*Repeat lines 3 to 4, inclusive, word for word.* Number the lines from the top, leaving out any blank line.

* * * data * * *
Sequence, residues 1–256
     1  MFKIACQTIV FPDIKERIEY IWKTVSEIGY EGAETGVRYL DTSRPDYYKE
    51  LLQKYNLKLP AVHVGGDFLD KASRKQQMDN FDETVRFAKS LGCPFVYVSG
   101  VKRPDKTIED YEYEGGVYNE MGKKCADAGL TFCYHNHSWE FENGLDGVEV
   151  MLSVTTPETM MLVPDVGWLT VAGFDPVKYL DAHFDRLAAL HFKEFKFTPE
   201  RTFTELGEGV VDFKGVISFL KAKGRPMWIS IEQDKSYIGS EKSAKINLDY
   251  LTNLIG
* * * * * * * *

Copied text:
    51  LLQKYNLKLP AVHVGGDFLD KASRKQQMDN FDETVRFAKS LGCPFVYVSG
   101  VKRPDKTIED YEYEGGVYNE MGKKCADAGL TFCYHNHSWE FENGLDGVEV